Qld Govt IT contractors face layoff massacre


blog Over at the blog of Queensland-based ICT analyst house Longhaus, the firm’s managing director Peter Carr has published some ruminations about the tough future facing many of the state’s ICT contractors as the new LNP State Government puts technology squarely in the layoff firing line. Carr writes:

“Over the coming days, weeks and months there are a number of ICT contractors that will not have their contracts renewed in Queensland departments as the new government spearheads a path towards outcome-based consulting. The numbers of contractor layoffs could stretch into the tousands with the majority of those likely to come from Health, and Transport where each of these have accumulated over 600 of this style of contingent resources between them.”

According to Carr, the layoffs could create what he describes as a lot of uncertainty in the state’s technology sector about the short to medium term future of contracting and consulting in the state in general — issues that could be exacerbated by the delay of the State Budget to September. The net effect could be that some really big changes could be on the way:

” … it is likely that times will be increasingly difficult up to 2013 for those that have been largely dependent on state government funding. It won’t just be the small players this time. It may even be possible that one of the big four will retreat operations back to Sydney for the foreseeable future (years). Quite astonishing.”

I’m not quite sure who Carr is referring to when he says “the big four”, but I’m betting if we’re talking IT services then it would be IBM and HP (EDS) at least, as well as likely Fujitsu and CSC. Data#3 also has a very strong presence in Queensland, and also Dimension Data is pretty big these days, but they’re probably not in the top four in this area.

Update: Carr has since clarified that he was referring to Deloitte, Accenture, KPMG and PWC in his article.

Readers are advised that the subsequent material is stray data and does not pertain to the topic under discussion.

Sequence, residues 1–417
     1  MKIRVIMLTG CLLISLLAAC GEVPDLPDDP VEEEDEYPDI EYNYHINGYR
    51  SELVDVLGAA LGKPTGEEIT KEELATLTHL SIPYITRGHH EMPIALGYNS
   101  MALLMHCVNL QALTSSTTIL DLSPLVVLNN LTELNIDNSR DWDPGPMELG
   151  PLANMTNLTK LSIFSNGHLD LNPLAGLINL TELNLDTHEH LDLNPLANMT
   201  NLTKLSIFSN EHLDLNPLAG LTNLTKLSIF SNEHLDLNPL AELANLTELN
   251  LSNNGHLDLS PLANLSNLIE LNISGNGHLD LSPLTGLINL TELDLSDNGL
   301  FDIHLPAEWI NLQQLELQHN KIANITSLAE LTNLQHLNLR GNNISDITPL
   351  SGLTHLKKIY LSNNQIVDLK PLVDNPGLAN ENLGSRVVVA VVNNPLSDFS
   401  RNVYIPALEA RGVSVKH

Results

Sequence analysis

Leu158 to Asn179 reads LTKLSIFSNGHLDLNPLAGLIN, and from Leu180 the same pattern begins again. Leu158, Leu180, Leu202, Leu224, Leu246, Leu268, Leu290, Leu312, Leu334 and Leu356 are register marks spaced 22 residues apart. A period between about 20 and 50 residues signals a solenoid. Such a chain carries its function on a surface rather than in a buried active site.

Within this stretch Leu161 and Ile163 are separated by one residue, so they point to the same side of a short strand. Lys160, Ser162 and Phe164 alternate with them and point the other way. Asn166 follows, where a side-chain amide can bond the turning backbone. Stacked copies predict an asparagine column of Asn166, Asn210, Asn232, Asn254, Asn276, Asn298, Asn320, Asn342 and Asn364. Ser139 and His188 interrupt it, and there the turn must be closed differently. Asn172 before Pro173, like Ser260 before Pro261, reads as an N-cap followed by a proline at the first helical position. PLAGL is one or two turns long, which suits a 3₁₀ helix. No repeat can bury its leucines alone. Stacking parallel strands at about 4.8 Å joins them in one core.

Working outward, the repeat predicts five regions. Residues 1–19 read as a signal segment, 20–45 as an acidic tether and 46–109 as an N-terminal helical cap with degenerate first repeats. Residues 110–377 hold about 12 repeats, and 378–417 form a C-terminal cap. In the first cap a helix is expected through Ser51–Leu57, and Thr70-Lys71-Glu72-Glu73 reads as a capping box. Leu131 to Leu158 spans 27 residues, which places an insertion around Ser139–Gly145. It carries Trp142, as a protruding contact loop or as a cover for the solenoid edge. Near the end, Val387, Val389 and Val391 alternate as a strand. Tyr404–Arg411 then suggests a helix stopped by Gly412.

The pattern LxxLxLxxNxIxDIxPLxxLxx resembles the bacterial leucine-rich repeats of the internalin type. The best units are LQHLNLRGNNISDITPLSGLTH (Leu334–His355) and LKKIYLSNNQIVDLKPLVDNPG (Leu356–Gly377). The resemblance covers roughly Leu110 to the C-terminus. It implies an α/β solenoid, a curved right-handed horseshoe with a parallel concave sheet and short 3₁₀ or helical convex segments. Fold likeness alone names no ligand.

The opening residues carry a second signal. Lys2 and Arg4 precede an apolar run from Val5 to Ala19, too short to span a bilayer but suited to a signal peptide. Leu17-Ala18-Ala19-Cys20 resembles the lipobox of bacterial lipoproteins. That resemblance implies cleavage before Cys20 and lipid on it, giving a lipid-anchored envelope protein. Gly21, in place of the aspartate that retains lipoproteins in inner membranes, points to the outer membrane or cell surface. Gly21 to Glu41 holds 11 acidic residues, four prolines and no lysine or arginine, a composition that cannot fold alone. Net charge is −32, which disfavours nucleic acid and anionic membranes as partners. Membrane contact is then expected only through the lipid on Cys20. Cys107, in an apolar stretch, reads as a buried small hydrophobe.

We’ve seen similar issues in the past in the Federal Government following the Gershon review, when Delimiter received a flood of complaints from ICT contractors forced out as part of the review’s in-sourcing recommendations, and there’s also a similar contractor massacre currently under way in Victoria — particularly associated with IT shared services group CenITex, which is, to put it bluntly, not doing that well at the moment.

Personally, I don’t think the issue is that big a deal. If you have the ICT skills to be a contractor to government, you’re likely to be able to find a pretty decently replacement gig at need; certainly all of the big IT services companies in Australia are always on the lookout for experience and talent, and there’s also a lot of decent positions always opening up inside end user IT departments (especially in the financial services sector, for example). Plus, contracting is a business, and as someone who runs a small business myself, there are always obvious risks (and rewards) accruing from such an endeavour.

However, I’m also not looking at my final fortnightly payment cheque, as many ICT contractors will shortly be in Queensland. And it’s not hard to understand that some of these contractors will feel a little hard done by with the massive instability unleashed following Queensland’s last election. Anyone in a similar position would feel the same.


  1. We all watch with interest as friends, colleagues and foes alike wait for their fate. It will be very interesting to watch Queensland Health in particular, where the % contractor ratio is higher than stated by Carr in his blog. Those that stay will have had to have had their positions, value and importance argued for. That is one way to think about – another way to think about it is who will the respective agency CIOs save? What mates and advisors will be given life lines.

    There is a whole network of contractor relationships in Queensland that go directly to the CIO office of every agency. These self serving mates networks are a key reason for the systematic failure of ICT in Queensland Government during the last decade. We watch and wait to see who stays and why. This will abe an equally important story.

  2. The problem with finding another gig in today’s environment is that all government departments everywhere are letting staff go pretty much simultaneously. Last time this happened a generation of IT staff were left unemployed and many moved into other fields.

    It also has a detrimental further down the road in the form of uni graduates. Few students out of high school will want to get into a career where the words layoff and massacre are used regularly.

  3. Good the QLD was over paying IT workers double what they should be paid. I run a IT company was about to hire a server admin guy for $65k he was not that well educated but did the things I needed and I would help train him with my more experienced admin/coders. What happens the next week? The QLD Police department offers him a starting wage of $120,000 and he is a junior coder/admin. No pity for government workers being over paid for years. Get back to living on normal rates in the private sector of what people are really worth.

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